The play “Trifles” by Susan Glaspell is largely based on stereotypes. The most prevalent one explores the difference between gender roles. Glaspell exerts the repression of women in the 1900s. During that time, women were highly looked down upon by men, and were only seen as the housekeepers and child bearers. This example is displayed throughout the play with the men, however, the women in this play prove that the stereotypes of gender roles held against them are completely wrong, which is shown through the characters, set design, and symbolism.
His play Macbeth, though fictional, brings up very prevalent topics to our world today. While analyzing this play one finds key themes that relate to the obligations held by men and women and how the pressure of such obligations affect the the subconscious mind. Having the ability to see this different perspective allows the reader to understand gender roles and gives one a new way of perceiving them. Even back in the pre domestic days men were thought of as the head of the household. While women were at home taking care of the children and aiding to crops, the men were the ones that went out to hunt and gather for their families.
Social Group: Fathers During this time period, fathers were the “breadwinners” and expected to work and provide for their families. However, black fathers in the 1950’s particular had to work long hours because the only jobs available to them were often low paying. This directly correlates with African-American’s low place on the social ladder during this pre-Civil Rights era. It was also extremely difficult for African-American women to find work during this time, placing the financial buren solely on the father. They took great pride in their earnings, and sometimes abused their power as head of the household.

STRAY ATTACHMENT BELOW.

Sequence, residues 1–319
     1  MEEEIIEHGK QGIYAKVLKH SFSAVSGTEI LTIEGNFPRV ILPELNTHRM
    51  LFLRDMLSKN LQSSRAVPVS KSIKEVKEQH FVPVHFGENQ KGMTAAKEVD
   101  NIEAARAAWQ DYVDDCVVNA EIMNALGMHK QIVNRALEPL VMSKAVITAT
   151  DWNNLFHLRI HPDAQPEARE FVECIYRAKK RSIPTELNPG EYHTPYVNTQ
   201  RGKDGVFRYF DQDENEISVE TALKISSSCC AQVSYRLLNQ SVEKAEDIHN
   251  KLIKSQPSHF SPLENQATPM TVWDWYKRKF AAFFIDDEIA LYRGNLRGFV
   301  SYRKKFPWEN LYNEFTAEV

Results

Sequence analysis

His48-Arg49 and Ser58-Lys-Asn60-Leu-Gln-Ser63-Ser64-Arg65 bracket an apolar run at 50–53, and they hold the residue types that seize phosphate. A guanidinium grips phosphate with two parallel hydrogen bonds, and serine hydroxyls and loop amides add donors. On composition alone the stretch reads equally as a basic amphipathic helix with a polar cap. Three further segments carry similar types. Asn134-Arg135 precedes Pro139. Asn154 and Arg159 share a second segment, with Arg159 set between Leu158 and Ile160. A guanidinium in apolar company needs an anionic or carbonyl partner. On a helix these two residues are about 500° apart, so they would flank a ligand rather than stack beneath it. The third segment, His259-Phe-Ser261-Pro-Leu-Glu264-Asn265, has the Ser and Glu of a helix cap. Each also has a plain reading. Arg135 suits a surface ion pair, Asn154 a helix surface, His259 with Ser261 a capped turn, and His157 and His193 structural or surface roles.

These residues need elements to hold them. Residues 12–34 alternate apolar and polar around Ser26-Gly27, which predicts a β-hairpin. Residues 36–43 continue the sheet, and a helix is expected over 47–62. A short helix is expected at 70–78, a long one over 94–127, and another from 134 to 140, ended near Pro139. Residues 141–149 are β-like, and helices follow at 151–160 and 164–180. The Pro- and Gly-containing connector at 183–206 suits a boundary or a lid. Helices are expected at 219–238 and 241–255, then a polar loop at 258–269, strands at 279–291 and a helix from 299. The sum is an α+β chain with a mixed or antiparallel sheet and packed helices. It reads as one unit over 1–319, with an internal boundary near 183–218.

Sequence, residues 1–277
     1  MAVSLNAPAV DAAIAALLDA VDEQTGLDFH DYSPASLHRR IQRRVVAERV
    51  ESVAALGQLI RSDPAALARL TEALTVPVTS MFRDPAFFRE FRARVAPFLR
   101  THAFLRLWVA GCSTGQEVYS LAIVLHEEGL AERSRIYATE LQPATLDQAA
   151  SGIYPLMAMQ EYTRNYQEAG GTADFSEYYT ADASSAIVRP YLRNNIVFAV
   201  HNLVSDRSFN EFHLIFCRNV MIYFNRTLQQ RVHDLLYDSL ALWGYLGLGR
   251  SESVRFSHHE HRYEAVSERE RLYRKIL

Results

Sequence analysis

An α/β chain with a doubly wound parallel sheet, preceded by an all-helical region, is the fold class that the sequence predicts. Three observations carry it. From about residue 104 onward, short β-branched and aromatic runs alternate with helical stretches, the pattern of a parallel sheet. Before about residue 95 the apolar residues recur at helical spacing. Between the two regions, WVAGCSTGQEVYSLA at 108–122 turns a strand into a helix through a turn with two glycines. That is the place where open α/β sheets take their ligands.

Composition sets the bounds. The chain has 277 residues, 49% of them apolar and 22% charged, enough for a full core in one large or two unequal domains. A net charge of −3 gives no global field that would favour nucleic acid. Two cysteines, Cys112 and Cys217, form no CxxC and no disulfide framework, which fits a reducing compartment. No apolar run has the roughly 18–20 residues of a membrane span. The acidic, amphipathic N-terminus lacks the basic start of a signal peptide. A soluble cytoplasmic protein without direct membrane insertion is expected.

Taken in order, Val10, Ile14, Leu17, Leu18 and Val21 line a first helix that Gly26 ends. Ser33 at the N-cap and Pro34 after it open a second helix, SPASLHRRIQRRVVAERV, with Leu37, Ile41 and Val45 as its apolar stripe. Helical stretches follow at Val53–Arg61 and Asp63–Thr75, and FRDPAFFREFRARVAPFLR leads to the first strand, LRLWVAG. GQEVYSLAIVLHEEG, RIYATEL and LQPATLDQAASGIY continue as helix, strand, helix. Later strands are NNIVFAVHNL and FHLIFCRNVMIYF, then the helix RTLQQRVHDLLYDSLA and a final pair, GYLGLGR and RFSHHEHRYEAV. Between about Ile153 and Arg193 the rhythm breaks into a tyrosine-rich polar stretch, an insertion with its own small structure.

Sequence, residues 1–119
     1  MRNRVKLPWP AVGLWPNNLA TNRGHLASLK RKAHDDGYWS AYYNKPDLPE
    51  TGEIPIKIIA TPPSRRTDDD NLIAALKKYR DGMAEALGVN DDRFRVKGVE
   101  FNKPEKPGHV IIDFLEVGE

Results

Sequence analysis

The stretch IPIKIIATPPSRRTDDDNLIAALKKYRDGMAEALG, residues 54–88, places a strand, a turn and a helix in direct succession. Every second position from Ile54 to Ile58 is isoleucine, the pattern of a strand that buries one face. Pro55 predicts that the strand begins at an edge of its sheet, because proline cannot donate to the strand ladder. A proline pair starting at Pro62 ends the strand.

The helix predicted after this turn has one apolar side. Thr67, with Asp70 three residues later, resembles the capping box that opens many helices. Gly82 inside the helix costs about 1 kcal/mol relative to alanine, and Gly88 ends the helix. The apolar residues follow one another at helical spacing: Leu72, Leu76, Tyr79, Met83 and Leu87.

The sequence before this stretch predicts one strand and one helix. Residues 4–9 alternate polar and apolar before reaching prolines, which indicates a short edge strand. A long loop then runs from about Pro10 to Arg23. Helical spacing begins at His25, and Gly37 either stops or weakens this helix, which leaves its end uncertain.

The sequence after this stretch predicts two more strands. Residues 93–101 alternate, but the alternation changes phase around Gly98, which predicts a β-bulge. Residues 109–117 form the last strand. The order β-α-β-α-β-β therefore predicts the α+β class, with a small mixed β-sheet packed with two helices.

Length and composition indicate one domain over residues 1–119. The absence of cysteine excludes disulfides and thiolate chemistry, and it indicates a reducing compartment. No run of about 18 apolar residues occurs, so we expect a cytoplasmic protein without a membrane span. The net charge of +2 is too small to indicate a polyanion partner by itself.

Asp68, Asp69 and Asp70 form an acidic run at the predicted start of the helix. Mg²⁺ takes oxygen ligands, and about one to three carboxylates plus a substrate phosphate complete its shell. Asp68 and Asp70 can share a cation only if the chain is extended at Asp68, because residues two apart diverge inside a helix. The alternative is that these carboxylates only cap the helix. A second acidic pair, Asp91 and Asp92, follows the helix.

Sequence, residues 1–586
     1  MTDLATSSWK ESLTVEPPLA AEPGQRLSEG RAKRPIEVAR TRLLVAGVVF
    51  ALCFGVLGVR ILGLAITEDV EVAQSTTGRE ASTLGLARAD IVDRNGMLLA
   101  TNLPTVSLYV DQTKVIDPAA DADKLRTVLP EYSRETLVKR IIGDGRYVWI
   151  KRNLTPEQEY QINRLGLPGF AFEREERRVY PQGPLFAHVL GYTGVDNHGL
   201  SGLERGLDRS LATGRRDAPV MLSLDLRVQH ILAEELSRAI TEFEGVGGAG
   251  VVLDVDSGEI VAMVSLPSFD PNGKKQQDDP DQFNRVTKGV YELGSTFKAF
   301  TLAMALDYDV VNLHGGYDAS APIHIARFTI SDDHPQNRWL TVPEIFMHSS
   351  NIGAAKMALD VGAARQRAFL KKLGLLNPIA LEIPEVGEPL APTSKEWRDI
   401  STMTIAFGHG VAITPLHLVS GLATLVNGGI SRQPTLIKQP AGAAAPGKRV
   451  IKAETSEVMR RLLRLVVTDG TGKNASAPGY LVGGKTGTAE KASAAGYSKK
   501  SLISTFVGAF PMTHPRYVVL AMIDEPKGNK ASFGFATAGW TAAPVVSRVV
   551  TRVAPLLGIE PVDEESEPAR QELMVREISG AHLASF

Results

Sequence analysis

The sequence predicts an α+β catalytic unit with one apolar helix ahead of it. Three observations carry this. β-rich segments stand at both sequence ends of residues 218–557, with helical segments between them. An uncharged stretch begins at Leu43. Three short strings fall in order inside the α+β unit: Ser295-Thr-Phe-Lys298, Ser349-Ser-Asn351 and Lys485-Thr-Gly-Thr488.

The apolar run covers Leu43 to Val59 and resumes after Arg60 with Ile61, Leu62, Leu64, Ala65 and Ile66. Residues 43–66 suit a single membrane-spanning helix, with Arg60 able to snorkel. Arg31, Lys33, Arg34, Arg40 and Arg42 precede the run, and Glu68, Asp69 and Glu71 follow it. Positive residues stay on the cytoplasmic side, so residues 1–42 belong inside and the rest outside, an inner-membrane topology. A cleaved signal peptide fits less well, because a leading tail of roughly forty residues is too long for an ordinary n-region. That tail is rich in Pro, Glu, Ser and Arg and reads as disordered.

They were the creator and preserver of culture and tradition. They were not only the housekeepers or caretakers of children but they also helped the men in agriculture and hunting. They were equal to native men. But after the colonization, the situation of Native women became worst. They were forced to depend economically on the men.
However, during the 1940’s this sadistic man was seen as a true man. During this time men brought in the money for the household, while the mother’s would stay at home and watch over the children of the family. With this came a sense of pride and authority for the men. Throughout the film Stanley continually abuses Blanche and even goes to the extreme of raping her. He depicts an animal-like man with no awareness of morals.
The children’s book displayed Marxist themes of the feudal system, capitalism, and alienation. The feudal system was displayed in the agricultural society of the Kingdom of Didd, as the King gained wealth from the serfs while they remained poor. While King Derwin looked down at his kingdom and “it made King Derwin feel mighty important” (Seuss, pg 3), Bartholomew looked up at the kingdom and “it made Bartholomew Cubbins feel mighty small” (Seuss, pg 5). Capitalism is displayed by the working class as they serve the nobles and the king. Bartholomew goes into town to sell
Light and darkness are often used by playwrights to symbolize the human condition. These associations are based off of human experience in which they exist. Many literatures often use the concept of light and darkness to portray the characters’ state of awareness. In ‘A Doll’s House’, Ibsen examines the role of light and dark through the human condition of his characters. He does this by examining the struggle of his characters within the play’s contextual setting of 19th century Norway - using light and darkness to play off the themes of unreliability of appearances and the sacrificial role of women in this patriarchal society.
In the XIX century, Thomas Hardy brings the gender issue to Tess of the d'Urbervilles, showing that the condition of women in Victorian England brings unique implications to their trajectory as an individual. The women in Tess of the d'Urbervilles are, in general, submissive to the patriarchal order of society. The supremacy of man over woman in life dramatises the crisis of values in Tess of the d'Urbervilles, placing the heroine, Tess, at the mercy of the masculine judgment. Tess is a victim of male prepotency. She succumbs to the abuses of Alec d'Urberville and afterwards adopts a servile posture towards her husband, even after being godforsaken and banned from social life.